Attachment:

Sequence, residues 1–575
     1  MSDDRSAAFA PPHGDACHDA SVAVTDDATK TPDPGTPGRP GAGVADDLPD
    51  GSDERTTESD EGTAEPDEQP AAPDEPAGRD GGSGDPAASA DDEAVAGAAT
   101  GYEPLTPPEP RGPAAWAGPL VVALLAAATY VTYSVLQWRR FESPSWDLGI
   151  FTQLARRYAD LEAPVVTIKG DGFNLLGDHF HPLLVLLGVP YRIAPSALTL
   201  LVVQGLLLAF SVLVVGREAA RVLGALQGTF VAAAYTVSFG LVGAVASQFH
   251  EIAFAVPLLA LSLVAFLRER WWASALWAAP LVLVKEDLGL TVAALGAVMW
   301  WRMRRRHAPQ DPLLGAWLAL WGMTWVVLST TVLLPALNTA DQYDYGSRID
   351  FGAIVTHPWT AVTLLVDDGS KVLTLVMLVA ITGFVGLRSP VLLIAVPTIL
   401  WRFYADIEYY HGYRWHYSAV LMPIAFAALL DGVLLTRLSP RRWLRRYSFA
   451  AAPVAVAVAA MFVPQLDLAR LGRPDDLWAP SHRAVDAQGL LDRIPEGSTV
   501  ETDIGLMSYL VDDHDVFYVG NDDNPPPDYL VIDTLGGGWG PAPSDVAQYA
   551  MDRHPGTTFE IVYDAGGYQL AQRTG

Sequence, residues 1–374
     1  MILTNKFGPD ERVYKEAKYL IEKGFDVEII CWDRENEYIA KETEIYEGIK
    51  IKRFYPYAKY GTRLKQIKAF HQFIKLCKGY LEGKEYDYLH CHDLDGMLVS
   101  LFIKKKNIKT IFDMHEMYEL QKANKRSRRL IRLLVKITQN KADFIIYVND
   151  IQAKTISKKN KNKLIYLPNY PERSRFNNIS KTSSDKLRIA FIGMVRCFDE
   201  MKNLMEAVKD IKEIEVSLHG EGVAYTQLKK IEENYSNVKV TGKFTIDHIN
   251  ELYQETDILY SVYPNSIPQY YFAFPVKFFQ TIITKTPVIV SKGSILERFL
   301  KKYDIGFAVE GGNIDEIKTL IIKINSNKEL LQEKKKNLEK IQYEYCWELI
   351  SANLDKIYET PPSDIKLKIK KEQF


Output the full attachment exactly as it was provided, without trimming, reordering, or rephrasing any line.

Sequence, residues 1–575
     1  MSDDRSAAFA PPHGDACHDA SVAVTDDATK TPDPGTPGRP GAGVADDLPD
    51  GSDERTTESD EGTAEPDEQP AAPDEPAGRD GGSGDPAASA DDEAVAGAAT
   101  GYEPLTPPEP RGPAAWAGPL VVALLAAATY VTYSVLQWRR FESPSWDLGI
   151  FTQLARRYAD LEAPVVTIKG DGFNLLGDHF HPLLVLLGVP YRIAPSALTL
   201  LVVQGLLLAF SVLVVGREAA RVLGALQGTF VAAAYTVSFG LVGAVASQFH
   251  EIAFAVPLLA LSLVAFLRER WWASALWAAP LVLVKEDLGL TVAALGAVMW
   301  WRMRRRHAPQ DPLLGAWLAL WGMTWVVLST TVLLPALNTA DQYDYGSRID
   351  FGAIVTHPWT AVTLLVDDGS KVLTLVMLVA ITGFVGLRSP VLLIAVPTIL
   401  WRFYADIEYY HGYRWHYSAV LMPIAFAALL DGVLLTRLSP RRWLRRYSFA
   451  AAPVAVAVAA MFVPQLDLAR LGRPDDLWAP SHRAVDAQGL LDRIPEGSTV
   501  ETDIGLMSYL VDDHDVFYVG NDDNPPPDYL VIDTLGGGWG PAPSDVAQYA
   551  MDRHPGTTFE IVYDAGGYQL AQRTG

Sequence, residues 1–374
     1  MILTNKFGPD ERVYKEAKYL IEKGFDVEII CWDRENEYIA KETEIYEGIK
    51  IKRFYPYAKY GTRLKQIKAF HQFIKLCKGY LEGKEYDYLH CHDLDGMLVS
   101  LFIKKKNIKT IFDMHEMYEL QKANKRSRRL IRLLVKITQN KADFIIYVND
   151  IQAKTISKKN KNKLIYLPNY PERSRFNNIS KTSSDKLRIA FIGMVRCFDE
   201  MKNLMEAVKD IKEIEVSLHG EGVAYTQLKK IEENYSNVKV TGKFTIDHIN
   251  ELYQETDILY SVYPNSIPQY YFAFPVKFFQ TIITKTPVIV SKGSILERFL
   301  KKYDIGFAVE GGNIDEIKTL IIKINSNKEL LQEKKKNLEK IQYEYCWELI
   351  SANLDKIYET PPSDIKLKIK KEQF